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Letters from Vietnam – Part 5
Or should it be: Lessons from Vietnam?
Plan for the worst, expect the best
Or as Benjamin Frankling once put it:
By failing to prepare, you are preparing to fail.
When you go on a journey to Indochina you need to prepare. Be it vaccination, travel documents like flight tickets and visas, or planing your route and making a list of the places and things you want to see. One major concern of travel preparation is all the stuff that goes into your backpack. Over the course of my trips I managed to travel more and more lightly, and still I feel that I am carrying too much. Many things that I carry with me I have never worn or used. Especially my first-aid kit is literally untouched and unchanged since my trip to India in 2009. I need a plaster once in a while or some iodine, but thanks to my guardian angel nothing serious has ever happened to me. Well, I broke a rip once when I was thrown off by a camel. But even this misfortune could have ended much worse. So you won’t hear me complaining.
I daresay that there is a parallel between my first-aid kit and our lives: The things that we dread the most rarely happen in real life. They only happen in our imagination. We often expect the worst and prepare for the best, i.e. we worry too much and we prepare too little. I suggest we turn that around: Let’s prepare for the worst and expect the best. The worst that can happen to us is that we are over-prepared. In business that is rarely a bad thing and when you travel you simply add a little weight to you load.
Prepare as you like, however, there will be situations that you didn’t have in mind when you planned your journey. Life will come and tweak your nose because for the open-minded it is full of surprises and wonders. After all, isn’t life what happens when you are planning something else?
How I secure my backpack when I am not in the hotel
When my luggage is in the hotel while I am running around exploring the area, then I want my belongings to be safe from theft. One thing is for sure though: I will hardly be able to fully protect my belongings against the determined burglar. The only thing I can provide for is that it takes as long as possible for the snatcher to get hold of my possessions. At least I make sure that he will have to use some tools to seize my property.
The way I do it when I travel is by use of a Kensington security slot. I am always carrying a small netbook on my journeys and before I attach the Kensington lock to my computer I first fix the lock to something heavy or something fixed on a wall. I then thread the cable through a couple of loops of my backpack. Next I store the netbook deep in my backpack and close the backpack as tight as possible. And if I don’t forget I even check my zippers! 😉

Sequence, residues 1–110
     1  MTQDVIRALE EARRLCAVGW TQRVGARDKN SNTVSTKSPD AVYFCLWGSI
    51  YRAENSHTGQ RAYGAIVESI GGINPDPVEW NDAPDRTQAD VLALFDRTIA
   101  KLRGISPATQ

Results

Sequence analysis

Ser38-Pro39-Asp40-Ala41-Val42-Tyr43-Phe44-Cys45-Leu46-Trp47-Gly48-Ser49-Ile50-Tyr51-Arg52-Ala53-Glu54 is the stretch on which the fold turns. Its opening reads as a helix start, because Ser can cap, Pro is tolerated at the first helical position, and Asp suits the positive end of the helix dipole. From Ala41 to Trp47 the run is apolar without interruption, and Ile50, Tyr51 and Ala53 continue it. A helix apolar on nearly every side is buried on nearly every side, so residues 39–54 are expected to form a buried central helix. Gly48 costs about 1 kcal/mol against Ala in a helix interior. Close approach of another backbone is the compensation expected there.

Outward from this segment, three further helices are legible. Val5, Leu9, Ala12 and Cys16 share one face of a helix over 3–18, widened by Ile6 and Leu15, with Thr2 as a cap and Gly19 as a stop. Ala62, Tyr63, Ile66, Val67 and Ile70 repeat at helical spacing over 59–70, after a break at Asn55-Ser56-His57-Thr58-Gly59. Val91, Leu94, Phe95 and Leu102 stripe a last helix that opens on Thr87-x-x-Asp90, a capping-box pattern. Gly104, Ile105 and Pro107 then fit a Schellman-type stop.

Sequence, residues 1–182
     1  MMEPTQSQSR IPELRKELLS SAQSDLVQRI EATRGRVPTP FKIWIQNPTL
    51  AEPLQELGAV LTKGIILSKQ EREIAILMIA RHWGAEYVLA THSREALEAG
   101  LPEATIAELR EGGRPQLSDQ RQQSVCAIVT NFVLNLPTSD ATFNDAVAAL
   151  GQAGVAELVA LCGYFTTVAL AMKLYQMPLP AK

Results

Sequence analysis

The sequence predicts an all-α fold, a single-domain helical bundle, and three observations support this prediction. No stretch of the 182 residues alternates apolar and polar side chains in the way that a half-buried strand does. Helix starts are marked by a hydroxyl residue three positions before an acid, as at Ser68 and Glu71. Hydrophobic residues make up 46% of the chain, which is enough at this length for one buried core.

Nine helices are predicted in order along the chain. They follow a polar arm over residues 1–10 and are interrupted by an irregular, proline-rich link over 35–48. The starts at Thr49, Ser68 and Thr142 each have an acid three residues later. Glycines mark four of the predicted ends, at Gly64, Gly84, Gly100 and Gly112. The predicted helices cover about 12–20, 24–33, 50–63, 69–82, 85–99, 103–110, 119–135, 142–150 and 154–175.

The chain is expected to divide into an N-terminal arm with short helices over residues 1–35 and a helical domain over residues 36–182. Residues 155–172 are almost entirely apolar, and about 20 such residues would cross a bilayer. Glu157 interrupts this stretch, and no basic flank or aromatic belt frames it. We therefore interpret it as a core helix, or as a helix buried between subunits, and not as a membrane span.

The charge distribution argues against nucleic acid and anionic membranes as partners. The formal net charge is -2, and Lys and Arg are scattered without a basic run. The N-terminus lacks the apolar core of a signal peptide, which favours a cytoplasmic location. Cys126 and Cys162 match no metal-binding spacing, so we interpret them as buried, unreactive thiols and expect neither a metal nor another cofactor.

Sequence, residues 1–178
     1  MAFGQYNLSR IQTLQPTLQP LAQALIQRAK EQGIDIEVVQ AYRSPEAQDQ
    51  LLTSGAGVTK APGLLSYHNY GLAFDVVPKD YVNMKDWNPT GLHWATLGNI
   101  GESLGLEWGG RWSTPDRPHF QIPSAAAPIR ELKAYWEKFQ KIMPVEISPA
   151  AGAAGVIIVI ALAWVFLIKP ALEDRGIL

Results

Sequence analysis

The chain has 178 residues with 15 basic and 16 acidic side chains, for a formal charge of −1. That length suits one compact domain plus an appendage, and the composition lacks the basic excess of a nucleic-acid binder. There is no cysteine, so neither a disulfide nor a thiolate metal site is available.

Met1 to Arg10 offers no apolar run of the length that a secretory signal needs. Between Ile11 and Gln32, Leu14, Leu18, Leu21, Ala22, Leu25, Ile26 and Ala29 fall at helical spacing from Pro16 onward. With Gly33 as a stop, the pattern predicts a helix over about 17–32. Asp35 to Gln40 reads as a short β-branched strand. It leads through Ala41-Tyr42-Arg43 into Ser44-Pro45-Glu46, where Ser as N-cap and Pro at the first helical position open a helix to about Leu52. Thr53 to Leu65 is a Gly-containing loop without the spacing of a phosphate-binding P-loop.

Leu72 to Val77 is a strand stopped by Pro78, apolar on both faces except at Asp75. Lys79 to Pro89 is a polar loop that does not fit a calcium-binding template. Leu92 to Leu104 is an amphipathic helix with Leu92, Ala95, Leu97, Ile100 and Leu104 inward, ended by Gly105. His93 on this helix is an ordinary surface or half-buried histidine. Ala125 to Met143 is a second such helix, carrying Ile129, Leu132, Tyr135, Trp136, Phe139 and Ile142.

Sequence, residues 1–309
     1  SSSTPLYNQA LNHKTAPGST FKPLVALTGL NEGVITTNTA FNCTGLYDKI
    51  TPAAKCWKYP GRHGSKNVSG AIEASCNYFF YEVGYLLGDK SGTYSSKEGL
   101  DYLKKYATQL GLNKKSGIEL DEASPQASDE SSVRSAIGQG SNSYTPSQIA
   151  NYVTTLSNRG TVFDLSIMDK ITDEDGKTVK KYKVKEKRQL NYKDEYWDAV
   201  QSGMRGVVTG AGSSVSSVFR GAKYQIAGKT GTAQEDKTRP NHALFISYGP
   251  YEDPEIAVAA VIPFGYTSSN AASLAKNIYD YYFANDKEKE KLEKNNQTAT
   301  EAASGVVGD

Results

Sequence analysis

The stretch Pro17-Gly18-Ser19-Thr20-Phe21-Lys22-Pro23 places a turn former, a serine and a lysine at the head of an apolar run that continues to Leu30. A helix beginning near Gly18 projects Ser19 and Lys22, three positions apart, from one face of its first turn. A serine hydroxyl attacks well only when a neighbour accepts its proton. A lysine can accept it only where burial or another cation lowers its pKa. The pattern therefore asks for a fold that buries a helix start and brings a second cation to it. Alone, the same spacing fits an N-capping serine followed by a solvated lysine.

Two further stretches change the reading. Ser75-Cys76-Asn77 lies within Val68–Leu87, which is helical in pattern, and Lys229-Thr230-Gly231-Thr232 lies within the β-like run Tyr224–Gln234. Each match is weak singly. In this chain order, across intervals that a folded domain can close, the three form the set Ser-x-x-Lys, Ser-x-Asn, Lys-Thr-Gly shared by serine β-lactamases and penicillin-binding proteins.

And then life tweaked my nose
I did so when I was in Duong Dong the other day. I had checked into a hotel but the room we agreed on wasn’t ready, so the owner assigned me another room. When I was ready to explore the island of Phu Quoc the next morning I secured my backpack using the technique described above before I left. Since I couldn’t attach the sling to something fixedly mounted on the wall I threaded the cable through a heavy chair standing nearby. At the reception the owner told me that she is going to prepare the other room and that I shouldn’t worry. Everything would be fine.
When I was coming back a couple of hours later I opened the door to my new hotel room and was very much surprised to see my backpack standing next to the bed – still tightly fixed to that heavy chair. The lady of the house, who weighs hardly more than 45kg, had carried both pieces over a tiny staircase from the fourth to the first floor. When my surprise settled I had to laugh: My well planned and crafty security measures have been completely futile.
Lesson of the day
Life happens when you’re planning something else, right?
We can plan as much as we like, life will tweak our noses. There will always be happenings and occurrences that we couldn’t have thought of in our wildest dreams. Does this mean we should prepare less? I don’t think so. Instead draw your lessons from what happened. After all, school’s never out.
Application of the lesson learnt to your business
There are three keys to a successful business:
Prepare for your next meeting, prepare for your customer, and prepare for your employees, colleagues and associates. Prepare your speech, your presentation, your document and your spreadsheet.
But most of all: Prepare for the unexpected. That sounds like a contradiction, but it isn’t. More often than not you should have a “Plan B”. Ask yourself: What is the worst thing that can happen? And then be surprised that most of the things we fear never come to life at all.
And finally: If Plan B fails, I suggest you run through the alphabet.